You will not need to worry about replacing batteries frequently, as the light has a rechargeable battery and can be recharged via USB. The IPX7 rating makes the UltrAspire waterproof and fully submersible.
7 Things to Consider Before You Buy
Brightness is measured in lumens, usually ranging from 50 to more than 500. Lumens refer to the brightness the bulb emits in all directions but doesn’t necessarily indicate the distance a beam reaches, so it’s important to look at all the lamp’s optics.
A lumen measures the amount of visible light generated – not necessarily how well it will light up a dark trail. As a general rule, you will want a headlamp with a minimum of 200 lumens for navigating a trail in complete darkness.
2. Light Types
Most headlamps can produce multiple forms of light, including spot, flood, colored, and strobe settings. You need to think about which types of light you’d prefer in different situations so you can pick a headlamp that meets your specific needs.
The LED spot beam is the default setting for most headlamps. The spot setting enables long-distance viewing and will be the best for navigating a trail in the dark.
If you plan on spending a lot of time around a campsite, you’ll want a headlamp with a floodlight setting, which provides wide-angle coverage to maximize the view of your immediate surroundings.
Many headlamps have a red light setting, which preserves your night vision and can be a great asset when you’re spending time in a tent with someone else (ie: the light can be very blinding). These red – but sometimes blue or green – LEDs are useful for hanging out at night without disturbing others around you.
Lastly, many headlamps have an emergency strobe light function, which helps preserve battery life.
3. Beam Distance
While lumens will tell you how bright the headlamp glows, beam distance will tell you how far the light goes. Manufacturers typically test and provide both pieces of information to consumers.
Beam distance is especially important when navigating trails at night through the wilderness and can range from thirty to hundreds of feet.
4. Battery Life
This can be a tricky topic because the battery life listed by manufacturers may not accurately reflect how long the headlamp can last at full brightness. Plus different brightness settings will use different amounts of the batter.
Unless the light is regulated, take battery life with a grain of salt. Over time, the light’s maximum brightness capacity will fade.
While we’re on the subject of battery life, let’s talk about batteries. Most headlamps use AA or AAA batteries and there are many models on the market with rechargeable batteries. Both options have their pros and cons.
With AA or AAA batteries, you can bring extras with you incase your light goes dead, but they do create more waste and can become expensive since you continuously have to buy new ones. Rechargeable batteries are better for the environment, but you need to make sure you have a full charge before heading out on your weekend trip and/or be prepared with a power bank to recharge your headlamp when does goes dead.
It’s important to research how long a headlamp will last on a single charge or a single set of batteries. But when planning a hiking or camping trip, it is best to bring along extras or, better yet, a cool hiking gadget like a portable battery pack.
5. Water Resistance – IPX Rating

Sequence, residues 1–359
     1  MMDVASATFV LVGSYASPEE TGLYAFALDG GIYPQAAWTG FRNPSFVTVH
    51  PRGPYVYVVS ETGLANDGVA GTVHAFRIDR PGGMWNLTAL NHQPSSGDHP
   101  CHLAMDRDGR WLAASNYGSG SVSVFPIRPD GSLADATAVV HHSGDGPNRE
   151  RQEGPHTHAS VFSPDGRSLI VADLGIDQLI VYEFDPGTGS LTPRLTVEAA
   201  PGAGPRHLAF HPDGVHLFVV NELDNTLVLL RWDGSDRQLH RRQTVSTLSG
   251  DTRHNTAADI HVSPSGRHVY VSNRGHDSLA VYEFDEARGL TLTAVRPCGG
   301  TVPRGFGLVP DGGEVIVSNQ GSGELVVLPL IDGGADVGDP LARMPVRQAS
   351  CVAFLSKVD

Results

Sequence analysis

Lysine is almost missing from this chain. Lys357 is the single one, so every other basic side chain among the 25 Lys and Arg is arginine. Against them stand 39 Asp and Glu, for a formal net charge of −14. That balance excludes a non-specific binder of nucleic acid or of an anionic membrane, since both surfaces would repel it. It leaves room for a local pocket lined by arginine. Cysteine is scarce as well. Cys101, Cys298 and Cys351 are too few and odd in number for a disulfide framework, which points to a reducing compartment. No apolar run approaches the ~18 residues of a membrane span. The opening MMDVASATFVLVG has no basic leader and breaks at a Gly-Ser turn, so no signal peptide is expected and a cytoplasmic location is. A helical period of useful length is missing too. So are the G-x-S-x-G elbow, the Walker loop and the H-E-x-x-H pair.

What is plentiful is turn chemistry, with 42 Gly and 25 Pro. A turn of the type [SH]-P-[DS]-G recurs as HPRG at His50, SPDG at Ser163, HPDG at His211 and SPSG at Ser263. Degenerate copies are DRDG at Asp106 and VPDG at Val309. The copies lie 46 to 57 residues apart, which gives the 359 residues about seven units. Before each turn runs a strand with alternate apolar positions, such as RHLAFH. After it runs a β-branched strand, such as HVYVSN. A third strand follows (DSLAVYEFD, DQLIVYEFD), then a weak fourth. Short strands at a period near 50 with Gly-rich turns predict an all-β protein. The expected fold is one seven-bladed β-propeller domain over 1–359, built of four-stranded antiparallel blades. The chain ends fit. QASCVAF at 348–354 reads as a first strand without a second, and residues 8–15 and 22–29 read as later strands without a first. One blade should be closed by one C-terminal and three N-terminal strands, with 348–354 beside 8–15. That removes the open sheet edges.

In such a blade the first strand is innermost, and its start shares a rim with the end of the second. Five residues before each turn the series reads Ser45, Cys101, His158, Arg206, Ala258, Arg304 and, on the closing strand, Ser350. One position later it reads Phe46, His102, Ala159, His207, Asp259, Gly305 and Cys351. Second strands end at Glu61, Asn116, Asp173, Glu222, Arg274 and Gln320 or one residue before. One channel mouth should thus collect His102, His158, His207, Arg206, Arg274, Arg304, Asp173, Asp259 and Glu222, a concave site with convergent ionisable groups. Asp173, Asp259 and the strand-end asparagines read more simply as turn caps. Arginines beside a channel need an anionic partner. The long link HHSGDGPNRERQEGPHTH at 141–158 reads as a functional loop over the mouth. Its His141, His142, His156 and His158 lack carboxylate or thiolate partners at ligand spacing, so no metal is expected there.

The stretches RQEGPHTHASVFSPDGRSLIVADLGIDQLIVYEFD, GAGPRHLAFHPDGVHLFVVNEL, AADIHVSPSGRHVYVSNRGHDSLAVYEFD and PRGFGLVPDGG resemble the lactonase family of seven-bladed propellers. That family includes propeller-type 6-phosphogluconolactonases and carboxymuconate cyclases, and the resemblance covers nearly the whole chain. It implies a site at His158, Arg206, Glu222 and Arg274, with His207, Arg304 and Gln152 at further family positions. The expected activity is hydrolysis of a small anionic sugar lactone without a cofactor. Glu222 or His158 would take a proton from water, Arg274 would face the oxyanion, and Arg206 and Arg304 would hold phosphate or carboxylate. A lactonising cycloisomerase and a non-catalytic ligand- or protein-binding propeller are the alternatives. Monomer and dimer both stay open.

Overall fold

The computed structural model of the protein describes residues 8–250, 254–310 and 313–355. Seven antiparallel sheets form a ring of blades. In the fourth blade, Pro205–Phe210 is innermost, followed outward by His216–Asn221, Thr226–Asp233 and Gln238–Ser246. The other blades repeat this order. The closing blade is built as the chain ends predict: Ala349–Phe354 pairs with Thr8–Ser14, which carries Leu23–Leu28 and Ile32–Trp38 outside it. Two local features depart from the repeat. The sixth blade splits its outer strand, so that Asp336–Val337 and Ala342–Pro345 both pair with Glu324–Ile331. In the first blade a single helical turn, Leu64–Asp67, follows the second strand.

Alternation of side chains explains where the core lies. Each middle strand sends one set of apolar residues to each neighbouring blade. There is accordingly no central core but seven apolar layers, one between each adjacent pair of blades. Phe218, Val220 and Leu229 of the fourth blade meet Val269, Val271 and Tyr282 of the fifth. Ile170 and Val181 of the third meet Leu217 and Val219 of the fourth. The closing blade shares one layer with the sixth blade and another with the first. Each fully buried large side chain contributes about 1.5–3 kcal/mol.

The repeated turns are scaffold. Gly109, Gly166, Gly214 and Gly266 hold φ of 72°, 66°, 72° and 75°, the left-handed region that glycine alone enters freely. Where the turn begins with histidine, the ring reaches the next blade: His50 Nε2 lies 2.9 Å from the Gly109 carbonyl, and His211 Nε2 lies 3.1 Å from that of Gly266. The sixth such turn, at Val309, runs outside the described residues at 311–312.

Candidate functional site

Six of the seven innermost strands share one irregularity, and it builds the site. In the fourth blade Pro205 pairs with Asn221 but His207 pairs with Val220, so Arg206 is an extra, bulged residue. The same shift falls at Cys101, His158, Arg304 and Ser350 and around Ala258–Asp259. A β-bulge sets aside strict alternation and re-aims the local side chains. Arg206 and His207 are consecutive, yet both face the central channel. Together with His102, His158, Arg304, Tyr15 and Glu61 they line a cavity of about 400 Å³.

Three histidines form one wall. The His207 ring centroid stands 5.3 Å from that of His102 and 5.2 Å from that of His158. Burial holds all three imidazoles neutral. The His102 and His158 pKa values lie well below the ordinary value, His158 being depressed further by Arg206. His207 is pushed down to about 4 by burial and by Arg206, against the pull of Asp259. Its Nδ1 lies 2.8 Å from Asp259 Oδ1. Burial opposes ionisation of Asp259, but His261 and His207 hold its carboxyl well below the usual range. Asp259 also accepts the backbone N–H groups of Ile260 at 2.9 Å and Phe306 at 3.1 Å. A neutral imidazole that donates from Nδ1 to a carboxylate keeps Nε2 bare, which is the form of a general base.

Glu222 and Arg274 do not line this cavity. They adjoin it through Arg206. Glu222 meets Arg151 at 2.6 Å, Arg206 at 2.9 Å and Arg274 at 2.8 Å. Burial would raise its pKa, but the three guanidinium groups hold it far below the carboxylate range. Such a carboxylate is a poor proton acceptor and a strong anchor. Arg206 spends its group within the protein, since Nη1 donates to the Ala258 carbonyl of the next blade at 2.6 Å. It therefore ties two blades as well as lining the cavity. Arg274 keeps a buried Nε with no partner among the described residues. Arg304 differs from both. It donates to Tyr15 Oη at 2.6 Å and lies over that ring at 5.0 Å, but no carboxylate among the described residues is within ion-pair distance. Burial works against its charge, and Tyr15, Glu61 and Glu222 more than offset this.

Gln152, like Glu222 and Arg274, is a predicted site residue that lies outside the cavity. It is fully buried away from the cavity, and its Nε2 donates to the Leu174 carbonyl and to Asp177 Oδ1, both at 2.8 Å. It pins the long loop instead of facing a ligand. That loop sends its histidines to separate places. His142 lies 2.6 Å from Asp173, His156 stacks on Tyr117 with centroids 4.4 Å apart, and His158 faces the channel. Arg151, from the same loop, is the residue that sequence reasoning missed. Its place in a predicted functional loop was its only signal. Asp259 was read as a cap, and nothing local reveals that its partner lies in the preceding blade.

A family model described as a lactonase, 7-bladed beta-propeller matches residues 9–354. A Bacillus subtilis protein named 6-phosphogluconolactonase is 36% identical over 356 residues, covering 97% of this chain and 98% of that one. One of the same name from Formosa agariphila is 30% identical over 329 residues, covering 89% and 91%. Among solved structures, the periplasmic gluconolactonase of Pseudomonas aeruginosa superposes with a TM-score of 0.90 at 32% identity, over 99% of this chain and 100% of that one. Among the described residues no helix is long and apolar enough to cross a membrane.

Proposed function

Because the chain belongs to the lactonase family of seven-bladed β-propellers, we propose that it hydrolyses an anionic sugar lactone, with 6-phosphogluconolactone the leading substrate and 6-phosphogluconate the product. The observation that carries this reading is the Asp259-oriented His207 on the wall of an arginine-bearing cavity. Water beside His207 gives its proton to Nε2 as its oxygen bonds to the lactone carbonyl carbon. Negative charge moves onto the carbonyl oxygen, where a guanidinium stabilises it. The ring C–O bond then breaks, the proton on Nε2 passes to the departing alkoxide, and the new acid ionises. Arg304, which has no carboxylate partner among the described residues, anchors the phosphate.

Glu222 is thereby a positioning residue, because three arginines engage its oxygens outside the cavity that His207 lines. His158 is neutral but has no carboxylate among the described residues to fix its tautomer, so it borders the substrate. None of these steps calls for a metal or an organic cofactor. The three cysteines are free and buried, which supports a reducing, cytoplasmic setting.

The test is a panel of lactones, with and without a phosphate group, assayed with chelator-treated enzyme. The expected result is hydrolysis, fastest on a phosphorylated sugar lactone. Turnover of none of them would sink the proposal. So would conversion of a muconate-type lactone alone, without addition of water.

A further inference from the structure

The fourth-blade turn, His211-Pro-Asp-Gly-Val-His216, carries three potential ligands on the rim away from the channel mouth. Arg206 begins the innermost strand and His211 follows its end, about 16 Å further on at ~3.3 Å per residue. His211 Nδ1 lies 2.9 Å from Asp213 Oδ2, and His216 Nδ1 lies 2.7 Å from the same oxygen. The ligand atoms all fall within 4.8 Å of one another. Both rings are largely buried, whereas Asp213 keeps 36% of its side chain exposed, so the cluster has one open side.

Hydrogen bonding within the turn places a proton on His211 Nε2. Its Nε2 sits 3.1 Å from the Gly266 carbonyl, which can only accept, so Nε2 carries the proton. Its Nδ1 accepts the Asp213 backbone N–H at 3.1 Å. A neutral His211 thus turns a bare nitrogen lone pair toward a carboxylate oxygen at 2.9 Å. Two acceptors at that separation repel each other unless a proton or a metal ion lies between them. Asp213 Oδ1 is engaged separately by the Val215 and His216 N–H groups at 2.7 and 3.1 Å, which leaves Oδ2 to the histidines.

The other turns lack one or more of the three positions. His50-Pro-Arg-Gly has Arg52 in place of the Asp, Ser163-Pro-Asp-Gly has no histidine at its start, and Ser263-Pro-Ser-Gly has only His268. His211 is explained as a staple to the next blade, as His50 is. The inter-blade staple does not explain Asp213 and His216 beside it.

Most headlamps are not entirely waterproof but offer a level of water resistance – ideal for hiking and camping in wet, rainy conditions. Waterproof ratings are provided by the letters “IPX” followed by a number.
The higher the number, the more water-resistant the headlamp. Most headlamps have a minimum IPX4 rating, which means they’re protected from splashes and rain. If you’re camping or hiking in wet climates, an IPX rating of 7 or 8 is preferable, as it will provide a higher degree of waterproofing.
While weight might seem insignificant when considering a small headlamp that fits into the palm of your hand, you might be surprised at the substantial variation between models. Some lightweight models weigh an ounce, while beefier versions can tip the scales at nearly a pound.
Typically, the more powerful the headlamp, the heavier the lamp, but with technological advances, this doesn’t necessarily hold true for every product. There are some powerful, lightweight headlamps on the market designed for alpine climbing and mountaineering – a sport in which every ounce you carry makes a difference.
Lighter options are typically crafted with a thin plastic casing and require fewer batteries. In comparison, heavier options utilize heavy plastic or aluminum and are more durable in the event of an impact. Also, consider weight distribution: where are the batteries located?
7. Headband Fit
Most headlamps have adjustable headbands made of elastic nylon that fit around the back of the head. The two-strap design is ideal for use in conjunction with a helmet, such as when you’re rock climbing.
Some have an additional strap that runs over the top of your head, making for added stability. These styles are more suitable for extreme adventure sports or when you’re trail running, preventing the headlamp from bouncing up and down.
You can remove the additional overhead strap in some styles.
Wrapping It Up…
My number one choice for the best headlamp for hiking and camping is the Black Diamond Cosmo 350. In my experience, fumbling around in the wilderness at night without light is a bit spooky, so having a quality headlamp is essential for an enjoyable time.
Be prepared and if you have the mindset that headlamps are a necessary part of an emergency kit then you’ll never leave it behind.
Happy (well-lit) trails!